Few players are hotter than Florent Malouda but he only played about 10 minutes last week for Chelsea. This is the danger you run into, choosing players from the Big Four and Tottenham. You pay a high price for the players and these teams are deep enough — and play in enough competitions — that they rotate bench players into the lineup more often than mid-table squads.

However, there are a few players (besides the goalkeepers) that manage to keep their spot in the lineup every week… even on these teams. Remember, they can’t earn you points if they aren’t playing… and yes, I still count Liverpool in the Big Four.

Essien and Cole have been fantasy league gold

Chelsea
Defender Ashley Cole and midfielder John Obi Mikel have played every minute of this season so far, while John Terry is not far behind. Michael Essien, Didier Drogba, and Nicolas Anelka have all shown offensive flair this year along with playing most of every game this season.

Arsenal
No one has played every minute of every game for Arsenal… but midfielder Andrey Arshavin and new striker Maroune Chamakh have come close. Some discipline and injury issues have caused Arsene Wenger to rotate defenders but Bacary Sanga and Gael Clichy are likely to be there for most games.

Manchester United
There’s been a lot of consistency on the back line for Man United so far this season, with John O’Shea and Nemanja Vidic playing every minute along with midfielder Darren Fletcher.  Patrice Evra has been a constant presence at left back and Dimitar Berbatov has logged a lot of time up front. Some thought the signing of Javier Hernandez would limit his minutes, but that hasn’t been the case so far.

Gareth Bale's a bit "special"... just look at 'em...

Tottenham
The main stalwarts for Tottenham have been midfielders Gareth Bale and Tom Huddlestone. Close behind them is midfielder Aaron Lennon. The defenders are settling into a pattern… but no one has played more than the equivalent of three out of four games this season and the strikers are being rotated a lot, due to injuries.

Liverpool
With Rafael Benitez gone, fantasy managers have enjoyed a more consistent lineup from Liverpool with a few players logging the full 360 minutes of the season so far. They include defenders Glen Johnson, Martin Skrtel, and Jamie Carragher, and midfielder Steven Gerrard. Also logging a lot of time are strikers Milan Jovanovic and Fernando Torres, who will be a fixture as long as he’s healthy.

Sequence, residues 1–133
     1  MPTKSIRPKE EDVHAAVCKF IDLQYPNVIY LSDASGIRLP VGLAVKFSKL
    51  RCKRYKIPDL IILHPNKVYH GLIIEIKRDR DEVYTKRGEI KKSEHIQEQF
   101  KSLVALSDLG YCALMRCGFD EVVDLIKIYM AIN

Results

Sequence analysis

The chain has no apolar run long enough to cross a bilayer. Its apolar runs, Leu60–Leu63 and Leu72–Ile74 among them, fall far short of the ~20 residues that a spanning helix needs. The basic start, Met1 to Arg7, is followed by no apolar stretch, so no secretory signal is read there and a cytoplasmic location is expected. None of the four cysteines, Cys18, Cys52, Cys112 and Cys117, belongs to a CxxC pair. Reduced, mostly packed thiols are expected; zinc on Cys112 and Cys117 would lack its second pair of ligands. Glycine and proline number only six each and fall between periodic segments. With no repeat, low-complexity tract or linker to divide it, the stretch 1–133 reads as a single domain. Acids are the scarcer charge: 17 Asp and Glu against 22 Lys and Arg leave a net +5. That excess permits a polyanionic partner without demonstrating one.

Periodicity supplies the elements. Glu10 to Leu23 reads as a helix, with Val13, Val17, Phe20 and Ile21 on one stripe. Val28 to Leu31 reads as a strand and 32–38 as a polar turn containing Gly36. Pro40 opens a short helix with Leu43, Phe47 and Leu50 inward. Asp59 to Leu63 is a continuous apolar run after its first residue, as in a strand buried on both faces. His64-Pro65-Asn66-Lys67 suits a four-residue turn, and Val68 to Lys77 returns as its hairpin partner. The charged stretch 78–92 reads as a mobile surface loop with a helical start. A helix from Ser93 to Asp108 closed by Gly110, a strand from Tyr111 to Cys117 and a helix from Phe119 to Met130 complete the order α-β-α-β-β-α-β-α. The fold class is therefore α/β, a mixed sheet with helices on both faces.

FERGIE’S FIVE:

Let’s review last week’s column. Even in a week where there were few goals, I gave you some gems to add into your fantasy team. Did any other fantasy column in the world predict that West Brom’s Chris Brunt would get on the board against Tottenham? Ahem… Or how about that sage advice that Birmingham’s Ben Foster had something to prove this season? Foster rewarded myself and the managers who chose him with a clean sheet vs. Liverpool.

Here are five players to watch for this weekend:

THE CAPTAIN: I promise to pick someone different next week… but how can you go wrong with making Didier Drogba your captain when Chelsea is at home to Blackpool (and is it me or has Chelsea had a very friendly schedule so far this season…). If you don’t have Drogba, make any other Chelsea player your captain!

HOT STREAKS:Bolton’s Johan Elmander is finally living up to his potential as a goal scorer. Surprisingly he’s been more deadly around the net than Kevin Davies this season, giving Bolton a strong attacking duo up front.

One Dembele... there's only one Dembele...

Fulham’s Moussa Dembele has two goals and two assists in his last two games and will be asked to carry an even heavier load after the injury to Bobby Zamora.

BARGAINS:Even though he’s going up against Chelsea, it must be said that Blackpool’s Charlie Adam has been one of the most efficient players early in the season. Adam has a goal and two assists in the first four games from the midfield position.

And though he’s only owned by only 4% of teams in the fantasy league, Birmingham midfielder Craig Gardner already has three goals. Can he keep it up? Probably not, but it won’t cost you much to find out.

Scott Ferguson